Today I saw that StandardEblooks.org has that title (and that’s where the link above takes you), along with some more Edith Nesbit’s books. And indeed, their library of free well-edited books grows apace. I don’t make many donations, but I did donate to this effort.

Since Virginia Woolf’s Mrs. Dalloway comes into the public domain this year, I’m hoping we’ll see that. (They already offer two Woolf novels.

I’ve already suggested Scaramouche, so I’ll mention it again. It’s free and fun. Could you ask for more?

Well, of course you could. How about a nice serving of Charles Dickens? or Jane Austen? or Anthony Trollope? or Rudyard Kipling? ….  and they are a great many more.

As I’ve previously noted, the (free) program Calibre is extremely useful in managing your ebook library. I wouldn’t be without it.

Written by LeisureGuy

1 January 2021 at 2:29 pm

Posted in Books, Software, Technology

The weight-loss program that got better with time

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New Year’s Day is a time of resolutions and resets, so I thought this brief video would be of interest.https://youtu.be/PzcYvQHpHlE

Written by LeisureGuy

1 January 2021 at 12:40 pm

Violet to start the year, and a commitment to Progress

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A late start, as seems appropriate for New Year’s Day. Some sleeping in, but then some tending to tasks: rotate the mattress, for one. (I alternate rotating and flipping the mattress each calendar quarter). Then reading my email sent 1/1/2020 that arrived this morning (using FutureMe.org), and writing a letter to FutureMe that will be delivered 1/1/2022: goals, predictions, current situation, and whatnot.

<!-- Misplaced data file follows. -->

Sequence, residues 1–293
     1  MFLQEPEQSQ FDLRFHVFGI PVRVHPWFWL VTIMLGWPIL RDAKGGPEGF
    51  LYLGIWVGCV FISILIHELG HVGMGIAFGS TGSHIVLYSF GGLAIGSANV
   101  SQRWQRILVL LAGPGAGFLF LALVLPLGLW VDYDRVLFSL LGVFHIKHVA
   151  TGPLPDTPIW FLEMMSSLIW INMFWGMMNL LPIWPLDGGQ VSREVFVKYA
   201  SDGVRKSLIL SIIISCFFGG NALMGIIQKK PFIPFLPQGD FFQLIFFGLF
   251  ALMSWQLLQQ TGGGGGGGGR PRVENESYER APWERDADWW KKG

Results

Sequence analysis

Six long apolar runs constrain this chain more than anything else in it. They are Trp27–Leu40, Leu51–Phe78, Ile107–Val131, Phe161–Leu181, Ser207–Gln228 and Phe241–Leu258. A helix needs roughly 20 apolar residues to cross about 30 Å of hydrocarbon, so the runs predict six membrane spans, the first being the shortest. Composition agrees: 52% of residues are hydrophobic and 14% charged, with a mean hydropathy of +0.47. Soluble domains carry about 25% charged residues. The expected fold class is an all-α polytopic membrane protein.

I also reviewed my budget, taking a look at actual expenditures over the past year and planning for the coming year. I have a Google Sheets workbook, based on my Within Your Means budget idea but adapted as needed. (See: “My Implicit Spending Almost Did Me In.” The spreadsheet described in the article can be downloaded in Exel format, which also works in Google Sheets and Apple Numbers.) I tinkered with the spreadsheet some, adding some running totals to better track and control day-to-day and week-to-week spending.

The Eldest recommended the book Atomic Habits, which seems just the ticket for a time of year when we are reconsidering our habits and thinking of improvements we might make. The reader reviews are impressive (especially the one that provides a detailed outline of the book), and it’s currently in my shopping cart. I’ll probably buy it next week.

So I’ve had a busy morning, and I rewarded myself with a pleasurable shave. Violet is a wonderful floral fragrance, and the lather from Jabonman’s Eufros shaving soap seemed especially good today in all respects. The Progress is my favorite adjustable, and it generally is well behaved, but I did get some nicks on the upper lip today. My Nik Is Sealed took care of that quite handily.

A small splash of the Vanille Violette EDT as an aftershave, and the new year is looking pretty good.

Written by LeisureGuy

1 January 2021 at 11:59 am

Posted in Books, Daily life, Shaving